LiveSafe's new report includes best practices of early warning threat detection and reporting for K-12 school safety and security programs. File photo courtesy Scott Goble

LiveSafe's new report includes best practices of early warning threat detection and reporting for K-12 school safety and security programs. File photo courtesy Scott Goble

ARLINGTON, Va. — A risk intelligence and safety communications provider has released a new report detailing best practices of early warning threat detection and reporting for K-12 school safety and security programs.

LiveSafe's report, “Sources & Methods: The LiveSafe Guide to Early Warning Threat Detection and Reporting For School Safety and Security Programs,” is based on 18 months of interviews with more than a dozen current and former campus law enforcement professionals, former school resource officers, survivors of school shootings, university researchers, and education risk and insurance professionals, according to a news release from LiveSafe.

The report features an introduction by Mark Sullivan, the 22nd director of the U.S. Secret Service. It also draws upon a training session conducted by the Secret Service’s National Threat Assessment Center on its latest report, “Protecting America’s Schools.”

“This new report brings the best thought leadership available from our partners in the federal government, as well as the many campus police chiefs and education risk experts who shared their experience with us and applies it to our most precious asset — protecting our children,” said Carolyn Parent, president and CEO of LiveSafe. “Our roots run deep in education, safety, and security, and this report has something for every school administrator looking for guidance and tactical steps they can take to improve their safety and security program.”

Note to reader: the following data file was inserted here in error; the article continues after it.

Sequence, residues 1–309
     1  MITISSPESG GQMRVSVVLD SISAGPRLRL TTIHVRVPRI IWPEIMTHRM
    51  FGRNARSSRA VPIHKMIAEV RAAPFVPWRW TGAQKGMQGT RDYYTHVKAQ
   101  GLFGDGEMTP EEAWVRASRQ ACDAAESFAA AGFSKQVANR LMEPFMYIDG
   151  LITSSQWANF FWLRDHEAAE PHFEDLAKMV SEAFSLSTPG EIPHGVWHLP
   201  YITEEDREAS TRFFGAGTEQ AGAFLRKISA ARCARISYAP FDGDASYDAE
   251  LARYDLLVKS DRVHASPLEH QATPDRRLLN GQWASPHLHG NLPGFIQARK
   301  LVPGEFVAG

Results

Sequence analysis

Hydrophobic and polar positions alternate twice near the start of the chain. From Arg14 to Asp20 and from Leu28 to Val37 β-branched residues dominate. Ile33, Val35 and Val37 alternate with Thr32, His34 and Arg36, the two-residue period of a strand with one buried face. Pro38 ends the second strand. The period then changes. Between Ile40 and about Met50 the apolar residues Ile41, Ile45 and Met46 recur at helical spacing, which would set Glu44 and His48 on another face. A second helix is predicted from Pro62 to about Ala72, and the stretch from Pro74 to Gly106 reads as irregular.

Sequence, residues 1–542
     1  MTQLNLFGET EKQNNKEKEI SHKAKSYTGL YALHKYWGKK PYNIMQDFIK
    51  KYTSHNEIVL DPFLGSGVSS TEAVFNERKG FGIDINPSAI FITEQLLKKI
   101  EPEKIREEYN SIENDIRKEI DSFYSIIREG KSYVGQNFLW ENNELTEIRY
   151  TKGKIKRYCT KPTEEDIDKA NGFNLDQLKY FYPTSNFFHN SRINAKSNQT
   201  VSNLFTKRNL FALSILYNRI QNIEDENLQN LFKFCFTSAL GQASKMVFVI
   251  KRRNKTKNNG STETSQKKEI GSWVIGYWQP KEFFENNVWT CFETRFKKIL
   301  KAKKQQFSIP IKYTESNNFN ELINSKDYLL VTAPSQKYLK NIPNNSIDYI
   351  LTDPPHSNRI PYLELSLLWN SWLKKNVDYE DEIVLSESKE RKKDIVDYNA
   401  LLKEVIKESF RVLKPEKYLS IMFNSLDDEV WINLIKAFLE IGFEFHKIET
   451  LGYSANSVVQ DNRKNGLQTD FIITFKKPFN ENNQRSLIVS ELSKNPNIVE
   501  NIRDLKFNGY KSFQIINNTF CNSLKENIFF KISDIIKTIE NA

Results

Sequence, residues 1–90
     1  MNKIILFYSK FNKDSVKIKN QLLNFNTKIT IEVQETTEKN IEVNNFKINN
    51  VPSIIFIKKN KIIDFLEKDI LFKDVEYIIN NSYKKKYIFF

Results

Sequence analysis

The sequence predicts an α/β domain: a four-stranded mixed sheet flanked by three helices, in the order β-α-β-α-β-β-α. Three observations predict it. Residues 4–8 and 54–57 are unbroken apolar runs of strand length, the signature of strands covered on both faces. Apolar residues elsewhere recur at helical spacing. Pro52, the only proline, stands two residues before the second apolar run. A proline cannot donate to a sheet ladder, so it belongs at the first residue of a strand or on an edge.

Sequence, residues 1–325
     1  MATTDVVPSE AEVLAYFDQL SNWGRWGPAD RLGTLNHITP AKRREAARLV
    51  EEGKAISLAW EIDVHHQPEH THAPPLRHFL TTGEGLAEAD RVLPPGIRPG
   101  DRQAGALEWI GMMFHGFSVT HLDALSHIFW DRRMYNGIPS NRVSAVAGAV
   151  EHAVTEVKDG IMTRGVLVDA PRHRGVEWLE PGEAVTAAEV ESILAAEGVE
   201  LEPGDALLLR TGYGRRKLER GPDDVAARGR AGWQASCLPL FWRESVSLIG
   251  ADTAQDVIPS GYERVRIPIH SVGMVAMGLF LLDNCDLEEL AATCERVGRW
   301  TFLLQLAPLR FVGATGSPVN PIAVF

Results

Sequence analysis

“Our goal was to help educate school officials on the role and value of community-sourced risk reporting to the overall threat assessment process,” said Dan Verton, the content leader and strategist for LiveSafe and a former intelligence officer and homeland security training consultant. “After 18 months of interviews with school safety experts, current and former campus law enforcement officers, and the knowledge gained from the U.S. Secret Service’s National Threat Assessment Center, I believe this paper is an important addition to the national dialogue on school safety and security.”

LiveSafe said that community reporting of concerns about potential risks is essential for school safety and security programs. In addition, the risk intelligence provider said that reporting should be discreet, allowing for community members to share their concerns anonymously, and conducted through a mobile app.

The full report, “Sources & Methods: The LiveSafe Guide to Early Warning Threat Detection and Reporting For School Safety and Security Programs,” can be found here.

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